“How much swearing is there?” I hear an elderly woman ask the usher behind me in the stalls of the Duke of York’s theatre on a Wednesday afternoon. He pauses for a moment, I can tell he’s hesitant to answer her question. “Well, there is rather a lot, as the notice outside says”, he replies. The woman nods and heads to her seat, muttering to her friend who had accompanied her.
I get the concern. Before this show, the Duke of York’s housed The Glass Menagerie, Tennessee Williams’ well-known American classic, a safe bet for audience members. Now, it’s home to a rebellious musical about six Scottish schoolgirls let loose in Edinburgh on a trip to their choir competition: Our Ladies of Perpetual Succour.
It’s full of swearing and naughtiness, as well as brilliant songs, and I can tell why it sold-out not only at Edinburgh Fringe and a UK tour, but at the National Theatre, too, as well as picking up the 2017 Olivier Award for Best New Comedy.
From the off, the show reminds me of plays such as Godber’s Teechers and Russell’s Our Day Out, plays which explore the lives of the ordinary teens, the ones who don’t get everything they wish through a comedic plot, but also tug at the audience’s hearts, and deliver a stronger message about unity and finding the common ground between those who seem different from the outside (exemplified in Our Ladies by Kay and Fionnula).
This sense of unity begins with the staging, where on-stage seats are available for audience members. They sit at tables, as if in a cafe, surrounded by the various bottles, cans and other props the cast use. My only qualm, viewing the show from my comfortable seat in the stalls (thanks to an upgrade from the upper circle), was that those sat onstage appeared to have not as good a view. The cast, naturally, play all their scenes outwards to the conventional audience area, and there was little interaction between cast and the onstage audience – which is what I expected there to be. This begs the question as to why audience were placed there at all – was it simply to fit more people into the theatre to see this popular show?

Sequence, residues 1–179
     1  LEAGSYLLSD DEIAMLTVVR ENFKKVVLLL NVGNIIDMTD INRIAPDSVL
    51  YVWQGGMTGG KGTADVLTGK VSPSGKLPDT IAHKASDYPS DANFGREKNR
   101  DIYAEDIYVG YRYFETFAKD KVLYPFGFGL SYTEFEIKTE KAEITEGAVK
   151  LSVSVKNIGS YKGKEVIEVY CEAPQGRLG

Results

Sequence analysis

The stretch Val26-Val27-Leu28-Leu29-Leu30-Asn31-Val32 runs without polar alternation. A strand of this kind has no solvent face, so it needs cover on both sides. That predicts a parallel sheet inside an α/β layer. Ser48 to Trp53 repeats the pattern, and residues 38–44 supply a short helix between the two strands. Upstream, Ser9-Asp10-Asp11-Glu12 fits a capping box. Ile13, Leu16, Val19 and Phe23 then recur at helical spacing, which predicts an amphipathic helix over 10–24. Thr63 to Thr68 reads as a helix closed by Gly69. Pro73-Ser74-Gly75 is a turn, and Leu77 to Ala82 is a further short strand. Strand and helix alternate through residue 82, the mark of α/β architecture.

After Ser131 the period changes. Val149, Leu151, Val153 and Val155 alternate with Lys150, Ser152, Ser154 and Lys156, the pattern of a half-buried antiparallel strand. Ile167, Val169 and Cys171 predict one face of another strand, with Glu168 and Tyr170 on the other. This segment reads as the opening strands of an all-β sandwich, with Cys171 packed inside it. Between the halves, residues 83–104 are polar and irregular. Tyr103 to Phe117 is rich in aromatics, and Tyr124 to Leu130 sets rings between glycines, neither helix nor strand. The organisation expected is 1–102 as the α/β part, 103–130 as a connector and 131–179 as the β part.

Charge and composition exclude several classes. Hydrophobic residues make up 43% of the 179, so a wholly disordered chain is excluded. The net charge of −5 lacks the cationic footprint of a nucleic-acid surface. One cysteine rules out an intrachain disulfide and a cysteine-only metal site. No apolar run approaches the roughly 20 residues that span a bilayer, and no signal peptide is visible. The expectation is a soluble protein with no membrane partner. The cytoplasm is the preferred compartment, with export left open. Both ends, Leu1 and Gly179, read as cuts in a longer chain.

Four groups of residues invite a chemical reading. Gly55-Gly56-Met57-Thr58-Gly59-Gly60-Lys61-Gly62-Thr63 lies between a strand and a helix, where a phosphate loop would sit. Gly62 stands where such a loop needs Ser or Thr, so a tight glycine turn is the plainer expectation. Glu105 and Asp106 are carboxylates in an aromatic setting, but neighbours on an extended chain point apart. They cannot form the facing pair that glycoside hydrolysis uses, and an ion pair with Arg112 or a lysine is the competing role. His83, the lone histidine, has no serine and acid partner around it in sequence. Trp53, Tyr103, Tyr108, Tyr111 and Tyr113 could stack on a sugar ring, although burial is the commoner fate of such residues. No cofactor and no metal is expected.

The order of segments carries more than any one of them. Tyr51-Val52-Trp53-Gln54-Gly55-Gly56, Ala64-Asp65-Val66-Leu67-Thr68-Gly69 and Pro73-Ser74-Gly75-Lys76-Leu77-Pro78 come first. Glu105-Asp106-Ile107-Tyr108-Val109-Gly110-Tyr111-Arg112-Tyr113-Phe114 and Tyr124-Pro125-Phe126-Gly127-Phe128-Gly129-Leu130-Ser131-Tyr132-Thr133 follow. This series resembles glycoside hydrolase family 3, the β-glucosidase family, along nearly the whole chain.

Peppering the scenes and sketches are original songs, with the exception of ‘Mr Blue Sky’. Opening with an A Capella number of their school song, you immediately know the rest of the musical numbers are in good hands as each and every one of these girls can sing, particularly Frances Mayli McCann, who plays Kylah. Songs throughout the show bring in the all-female band, and they are delivered by the girls with gusto and energy, lighting up the theatre with fantastic choreography by Imogen Knight. A particular favourite moment being the way the girls changing out of their uniforms and into their own clothes was depicted through song and contact-based movement.
It’s an absolutely filthy show, if you haven’t gathered already, and a real testament to living as a ’00s teenager. But of course, despite the laughter and the jokes, it does have an incredible amount of heart – you can see how much these six incredible women enjoy performing together, too. There are sensitive moments, such as Orla (Isis Hainsworth) discussing the return of her cancer, and Fionnula (Dawn Sievewright) exploring liking girls.
It’s crude, it’s heart-warming, and it’s great to see a young all-female company taking on the West End by storm. It’s exactly what the West End needs right now where everything appears to be a revival of an old classic or much more appealing to an older demographic of audience. Go see it before it closes in September.
As always, all views are my own. I purhchased my ticket through the TodayTix app: if you’re a first-time user, use my code ECRNE to get £10 off your first order! Photos courtesy of the Our Ladies website.